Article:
Editorial: Utility companies' tax cut must yield rate break for N.C. consumers
Posted January 16, 2018 5:00 a.m. EST
Updated January 16, 2018 5:40 a.m. EST
CBC Editorial: Tuesday, Jan. 16, 2018; Editorial # 8259
The following is the opinion of Capitol Broadcasting Company
There’s a windfall in Republican’s federal tax cuts for corporate America that may actually help everyday North Carolinians – not that it was intended that way.
More so, it will take vigilance and determination on the part of the state’s regulators and consumer advocates to make sure North Carolina utility consumers don’t get short-changed.
You see utility companies like Duke Energy have a monopoly on providing electricity to most North Carolinians -- directly to homeowners and businesses or, indirectly by selling power to cooperatives and municipally-owned services.
State regulators, in North Carolina it’s the state Utilities Commission, allow these companies to charge rates that cover their costs and provide a return for investors. Those costs include production and distribution of the power, maintenance of equipment and transmission facilities, and the cost of paying taxes.
When the federal tax rate is slashed from 35 percent to 21 percent, the impact is huge.
How big? Well one utility company, Baltimore Gas and Electric, has already figured it is worth $82 million a year back to its 1.25 million electric and 650,000 natural gas customers in central Maryland. While there’s no estimate on how much might go to North Carolina consumers, Duke Energy has 3.3 million retail electric and 717,000 natural gas customers.
Because companies like Duke can pass the cost of federal taxes onto consumers it is only right that when those taxes consumers have been paying get cut, consumers should get the full benefit.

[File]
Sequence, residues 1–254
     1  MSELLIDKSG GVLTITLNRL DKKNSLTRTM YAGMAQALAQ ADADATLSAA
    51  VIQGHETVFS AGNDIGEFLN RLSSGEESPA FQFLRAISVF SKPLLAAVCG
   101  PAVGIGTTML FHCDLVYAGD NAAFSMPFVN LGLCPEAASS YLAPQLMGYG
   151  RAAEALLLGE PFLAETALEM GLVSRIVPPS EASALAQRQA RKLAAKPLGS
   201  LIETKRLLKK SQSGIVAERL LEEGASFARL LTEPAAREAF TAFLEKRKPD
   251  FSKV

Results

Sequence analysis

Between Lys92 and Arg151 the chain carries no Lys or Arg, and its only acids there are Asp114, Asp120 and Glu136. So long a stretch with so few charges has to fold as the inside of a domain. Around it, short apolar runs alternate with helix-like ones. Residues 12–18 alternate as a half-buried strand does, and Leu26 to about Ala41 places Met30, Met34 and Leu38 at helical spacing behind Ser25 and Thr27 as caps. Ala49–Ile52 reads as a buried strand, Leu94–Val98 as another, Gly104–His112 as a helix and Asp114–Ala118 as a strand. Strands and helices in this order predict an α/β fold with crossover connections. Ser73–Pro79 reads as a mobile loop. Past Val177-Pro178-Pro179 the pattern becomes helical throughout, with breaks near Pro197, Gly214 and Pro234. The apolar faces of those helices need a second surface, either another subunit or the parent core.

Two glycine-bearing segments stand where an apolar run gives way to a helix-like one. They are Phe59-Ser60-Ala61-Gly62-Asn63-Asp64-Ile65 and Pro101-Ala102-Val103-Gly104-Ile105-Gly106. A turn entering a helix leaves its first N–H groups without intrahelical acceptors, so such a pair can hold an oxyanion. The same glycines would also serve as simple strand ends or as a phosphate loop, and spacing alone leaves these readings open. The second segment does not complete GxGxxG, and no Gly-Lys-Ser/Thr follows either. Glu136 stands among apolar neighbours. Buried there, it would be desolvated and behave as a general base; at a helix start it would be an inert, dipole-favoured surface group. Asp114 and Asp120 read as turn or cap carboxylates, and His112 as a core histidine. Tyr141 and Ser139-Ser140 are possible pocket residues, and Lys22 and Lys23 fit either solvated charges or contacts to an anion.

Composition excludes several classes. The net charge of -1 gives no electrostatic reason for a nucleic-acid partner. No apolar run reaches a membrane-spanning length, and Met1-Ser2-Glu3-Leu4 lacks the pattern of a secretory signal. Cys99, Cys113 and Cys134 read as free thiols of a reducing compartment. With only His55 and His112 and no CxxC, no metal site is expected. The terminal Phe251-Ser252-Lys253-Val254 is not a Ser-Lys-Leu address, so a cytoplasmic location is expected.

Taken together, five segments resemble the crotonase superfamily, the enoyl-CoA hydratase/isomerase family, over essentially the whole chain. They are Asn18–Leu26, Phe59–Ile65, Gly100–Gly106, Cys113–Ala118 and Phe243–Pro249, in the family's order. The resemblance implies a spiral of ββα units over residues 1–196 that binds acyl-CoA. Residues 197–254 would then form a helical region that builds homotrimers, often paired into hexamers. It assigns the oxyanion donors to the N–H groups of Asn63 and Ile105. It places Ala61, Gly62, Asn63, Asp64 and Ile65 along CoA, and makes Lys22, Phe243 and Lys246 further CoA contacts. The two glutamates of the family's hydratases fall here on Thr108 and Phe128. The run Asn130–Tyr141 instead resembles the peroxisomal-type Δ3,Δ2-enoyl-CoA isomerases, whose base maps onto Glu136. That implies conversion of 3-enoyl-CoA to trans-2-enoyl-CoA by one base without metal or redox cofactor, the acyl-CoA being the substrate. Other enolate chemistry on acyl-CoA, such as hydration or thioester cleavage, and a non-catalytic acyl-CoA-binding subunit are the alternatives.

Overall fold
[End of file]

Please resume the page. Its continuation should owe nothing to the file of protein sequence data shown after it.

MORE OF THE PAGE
North Carolina Attorney General Josh Stein has joined a coalition of state attorneys general demanding the Federal Energy Regulatory Commission take immediate action to make sure the tax savings are rightly passed to ratepayers.
“Everybody is straining under the bills they are paying. Wages and salaries have been pretty static over the recent years,” Stein said during an interview last week. “It is essential we do everything in our power to make sure people don’t pay a dollar more than they are legally obligated to. That’s why I’m engaging both the federal and state regulators on the issue.”
In North Carolina, the big tax cuts for utilities will come up in key Duke Energy rate hike requests before the Utilities Commission. On Jan. 3, Commission Chairman Edward Finley issued an order to explore the impact of the tax cuts. Also, he said the portion of rates tied to federal corporate income taxes would be provisional, pending that detailed review.
Finley asked the utilities, and other interested parties including the commission's public staff, independent consumer advocates and Stein’s office, to file information and comments by Feb. 1.
Corporations have been taking advantage of a raging stock market, record profits and unheard of amounts of cash in their coffers. It is past time to extend this economic expansion to the other 99 percent of the nation.
“The benefit of those tax cuts should go to the consumers,” Stein said. “Otherwise it’s a windfall for the corporations that they don’t need or deserve. You can’t get reimbursed for a cost you don’t incur.”
Gov. Roy Cooper and the leadership in the General Assembly, if they truly believe in relief for ALL North Carolina taxpayers, should join Attorney General Stein’s efforts to be sure it is the CONSUMERS who should get, and deserve, this tax cut benefit. The Utilities Commission should deliver it, in full.
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